Being impervious to petty resentments, anger & anxiety are all benefits of sobriety. Try to connect with 1 or 2 people to text/talk/email with when needed & then seek out others like us where ever you are. I can openly discuss my problems with strangers at a bus stop if I need to. I usually find it easier to use the platform of AA but AA is only available in 1 hour increments at a time. I learned that I must bank that which I learn in AA or elsewhere then withdraw it all in time of need; then replenish as necessary. Regardless of where you learn how to change your behavior & improve your mental health; staying a perpetual student will ensure the craft of your recovery is fulfilling.
 
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I've got a lot of problems with aa, but I'd like to make it work for me, just because anywhere you go there are meetings, and sometimes you just gotta yell at a roomful of strangers who understand the terror.

I tried therapy, which I think ended up doing more harm than good. Especially considering i was literally out flying a sign to pay this motherfucker to gaslight me every week.

SMARTrecovery was by far the best thing for me. I found a really good group (theyre not all good) that became my weekly lifelinem people there said that that meeting helped them deal with the bullshit of aa meetings, like theyd do aa all week then come to smart on sunday.

I did a few refuge recovery meetings, which were not as good but it was cool to be working some step-like shit, which were less bullshitty than aa. Also, meditation at every meeting really kicks the shit out of me.

But now that I'm travelling again its hard to find stuff like that to go to, although i keep in touch somewhat with my Philly sober community. I feel like I've handicapped myself by not learning how to work aa. (Every time i hear that preamble my fucking blood boils)

How have yall managed to make aa work for you on the road? Or are there resources that have worked better for you?
SMART recovery worked for me too. I couldn't do AA because of the jesus bullshit, so I left - fuck religion and anyone that belives in that sky fairy bullshit.

Also, smart recovery was in the same building as mental health services and really helped me with previous trauma and assault in my life. I got a counselor for 12 weeks and we really got to the deep core issues and root of all my problems. It was a really good experience.
 

OTTERWOLF

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"Many AA purists would say that I am doing it all wrong & that my recovery has examples of rational recovery and or smart recovery without actually participating there. "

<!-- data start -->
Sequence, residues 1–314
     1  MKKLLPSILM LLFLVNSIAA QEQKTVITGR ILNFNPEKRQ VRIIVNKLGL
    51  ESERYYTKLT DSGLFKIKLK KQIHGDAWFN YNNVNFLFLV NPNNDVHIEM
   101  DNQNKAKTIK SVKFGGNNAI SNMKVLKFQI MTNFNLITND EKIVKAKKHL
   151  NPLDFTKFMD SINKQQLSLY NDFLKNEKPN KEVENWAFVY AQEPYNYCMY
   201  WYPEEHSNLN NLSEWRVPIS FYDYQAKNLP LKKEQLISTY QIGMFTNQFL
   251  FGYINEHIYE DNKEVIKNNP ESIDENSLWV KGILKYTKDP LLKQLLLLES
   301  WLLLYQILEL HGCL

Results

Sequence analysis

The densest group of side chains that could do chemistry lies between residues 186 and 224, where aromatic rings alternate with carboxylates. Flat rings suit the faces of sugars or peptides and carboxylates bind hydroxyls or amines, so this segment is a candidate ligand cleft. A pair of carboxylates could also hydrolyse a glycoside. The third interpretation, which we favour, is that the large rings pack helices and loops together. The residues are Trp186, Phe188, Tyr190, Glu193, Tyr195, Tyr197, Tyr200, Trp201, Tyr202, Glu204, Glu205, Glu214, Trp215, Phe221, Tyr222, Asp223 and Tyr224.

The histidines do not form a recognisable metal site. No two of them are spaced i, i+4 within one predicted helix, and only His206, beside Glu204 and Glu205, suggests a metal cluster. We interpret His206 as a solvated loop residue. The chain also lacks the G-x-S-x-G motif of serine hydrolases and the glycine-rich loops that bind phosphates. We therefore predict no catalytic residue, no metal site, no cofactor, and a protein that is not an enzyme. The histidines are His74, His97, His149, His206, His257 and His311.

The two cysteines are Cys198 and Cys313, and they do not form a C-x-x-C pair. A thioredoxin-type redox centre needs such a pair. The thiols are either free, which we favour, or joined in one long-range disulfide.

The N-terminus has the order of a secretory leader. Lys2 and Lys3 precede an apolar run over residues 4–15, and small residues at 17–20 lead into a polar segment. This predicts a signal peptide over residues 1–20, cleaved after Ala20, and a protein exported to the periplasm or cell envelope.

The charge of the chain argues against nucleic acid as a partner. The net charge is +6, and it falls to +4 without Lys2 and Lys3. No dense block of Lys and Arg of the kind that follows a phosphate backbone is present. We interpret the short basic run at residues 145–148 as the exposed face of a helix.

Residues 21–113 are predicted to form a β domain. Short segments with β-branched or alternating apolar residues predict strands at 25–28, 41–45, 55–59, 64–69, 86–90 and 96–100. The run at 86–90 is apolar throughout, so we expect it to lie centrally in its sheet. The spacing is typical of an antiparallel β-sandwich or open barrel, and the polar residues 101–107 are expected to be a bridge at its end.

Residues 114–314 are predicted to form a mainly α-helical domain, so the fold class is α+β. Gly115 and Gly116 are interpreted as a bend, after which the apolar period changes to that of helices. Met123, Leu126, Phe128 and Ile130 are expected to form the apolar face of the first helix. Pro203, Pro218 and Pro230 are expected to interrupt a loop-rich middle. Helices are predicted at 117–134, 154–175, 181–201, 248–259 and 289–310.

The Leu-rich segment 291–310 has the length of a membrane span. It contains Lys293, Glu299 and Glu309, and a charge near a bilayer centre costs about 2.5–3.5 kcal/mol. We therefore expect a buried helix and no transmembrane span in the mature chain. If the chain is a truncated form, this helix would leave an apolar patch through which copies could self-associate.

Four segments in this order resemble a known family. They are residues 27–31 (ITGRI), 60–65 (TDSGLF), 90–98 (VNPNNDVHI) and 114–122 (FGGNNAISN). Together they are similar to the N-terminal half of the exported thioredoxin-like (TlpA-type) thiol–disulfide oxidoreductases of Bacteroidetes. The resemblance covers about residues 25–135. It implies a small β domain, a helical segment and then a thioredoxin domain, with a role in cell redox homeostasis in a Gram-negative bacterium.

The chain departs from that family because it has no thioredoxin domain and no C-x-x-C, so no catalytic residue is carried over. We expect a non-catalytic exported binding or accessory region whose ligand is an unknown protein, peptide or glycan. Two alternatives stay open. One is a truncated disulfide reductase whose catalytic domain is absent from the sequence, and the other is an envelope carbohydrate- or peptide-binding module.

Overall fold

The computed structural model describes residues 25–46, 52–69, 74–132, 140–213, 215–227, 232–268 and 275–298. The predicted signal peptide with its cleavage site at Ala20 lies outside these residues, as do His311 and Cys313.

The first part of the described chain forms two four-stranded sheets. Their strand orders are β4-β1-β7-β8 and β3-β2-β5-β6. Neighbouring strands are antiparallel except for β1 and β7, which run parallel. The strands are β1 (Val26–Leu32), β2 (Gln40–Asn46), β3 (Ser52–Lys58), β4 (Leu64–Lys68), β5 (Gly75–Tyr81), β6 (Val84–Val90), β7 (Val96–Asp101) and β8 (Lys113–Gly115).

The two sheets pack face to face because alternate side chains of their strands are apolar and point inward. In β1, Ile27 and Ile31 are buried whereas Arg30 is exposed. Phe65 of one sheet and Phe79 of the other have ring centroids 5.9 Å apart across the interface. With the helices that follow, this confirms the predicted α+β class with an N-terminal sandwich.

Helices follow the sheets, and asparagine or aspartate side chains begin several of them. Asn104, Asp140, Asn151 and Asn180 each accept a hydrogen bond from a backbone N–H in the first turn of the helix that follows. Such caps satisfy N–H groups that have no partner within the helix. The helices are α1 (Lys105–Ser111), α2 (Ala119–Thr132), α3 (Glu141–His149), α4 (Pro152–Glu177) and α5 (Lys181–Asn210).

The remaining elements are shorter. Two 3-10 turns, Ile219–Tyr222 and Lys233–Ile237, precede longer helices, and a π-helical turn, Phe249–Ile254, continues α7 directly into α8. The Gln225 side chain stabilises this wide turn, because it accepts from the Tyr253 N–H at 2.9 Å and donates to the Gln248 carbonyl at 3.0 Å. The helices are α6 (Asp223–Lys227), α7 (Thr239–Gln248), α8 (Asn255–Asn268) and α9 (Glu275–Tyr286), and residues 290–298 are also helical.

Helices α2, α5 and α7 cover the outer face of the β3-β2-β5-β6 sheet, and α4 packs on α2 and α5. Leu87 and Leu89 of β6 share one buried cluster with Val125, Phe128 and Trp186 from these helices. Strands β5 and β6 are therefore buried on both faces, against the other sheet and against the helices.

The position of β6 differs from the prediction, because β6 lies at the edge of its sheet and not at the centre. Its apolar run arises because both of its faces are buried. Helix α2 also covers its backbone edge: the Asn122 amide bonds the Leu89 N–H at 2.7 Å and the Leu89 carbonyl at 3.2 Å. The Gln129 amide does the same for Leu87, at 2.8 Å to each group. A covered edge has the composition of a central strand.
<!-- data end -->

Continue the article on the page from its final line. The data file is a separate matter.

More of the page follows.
My own opinion, there is no right or wrong way to get sober, the important thing is if one wants to get sober, that they do and can maintain their desire to remain sober - or be sober.

I think in the 1990s, I went through a period where positive change had to happen in my life, and while I never attended an AA meeting, for many many years I had the meetings come to me via the Grapevine publication, and for me that was very very useful.

About 5 years ago, maybe even longer... I was all set to tie one on in the studio one night, and my dog gave me this pleading look of please don't, and while I was furious I realized she was right, and that was pretty much it for me - and I've never been drunk since - for real.

I will never forget that night, I kind of roared out of the studio into my front yard, and then about 5 minutes later was at complete peace while enjoying the night air with my dog - which ended up developing into a huge transformation where I would really start enjoying time outside - instead of inside, all thanks to my dog.

Where I am going with this - and it's been mentioned here in comments above - if one want's to stop, then I feel that's the most important thing, because if one sincerely wants to stop, they will... and they will do what ever it takes.

If they really don't want to stop but want to feel better about them selves, then AA, clinics.... none of that stuff is going to do anything except waste time and resources.

One also can't blame something if it's not right for them or does not work, that individual simply needs to keep searching and re-evaluating their own path to recovery.

I know for myself, I did get into religion on my own - although as a kid I used to go to church, I was all done with that once I became an adult.
I still don't attend any kind of church or temple, however about a year ago I got interested in of all things Torah study and at the same time - Wicca - thanks to a shop in town where the witches hang out...
[*I know - that makes no sense at all.... but it's keeping me out of trouble, so I'm going with it]

It's very hard to pull something off like this - getting sober - on one's own, but for me... it's what I needed, which came at a cost from ceasing social things, hanging out with friends, no more going out at night to do things - because I knew it would bring me right back to where I was, and today that is no longer an option or something I want to ever return to.

I for one think it's good that AA is out there, even if I never need it.
 

Windwalker

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[QUOTE. I

"How have yall managed to make aa work for you on the road? Or are there resources that have worked better for you?"
[/QUOTE]

Well, I knew a guy who was needing a place to stay overnight, and it was about 13 degrees outside.

It was a Weds and he remembered an AA meeting in a huge old church outside of the town he was travelling through, about a 1/2 mile from the end of a bus line.

So, he headed that way and got to the meeting late but instead of going down into the basement where the meeting was, he went upstairs, into the sanctuary and fell asleep.

Later that night he awoke. The boiler was working and the place was hot. He walked into the lobby and noticed several motion detectors that didnt seem to be working, entered a men's room washed up and found a huge kitchen downstairs. There was hot tea and bottled water. It was pretty good night for my pal.

The next day he awoke rather rested and his phone charged, went out the back door, into the street and back towards the bus stop.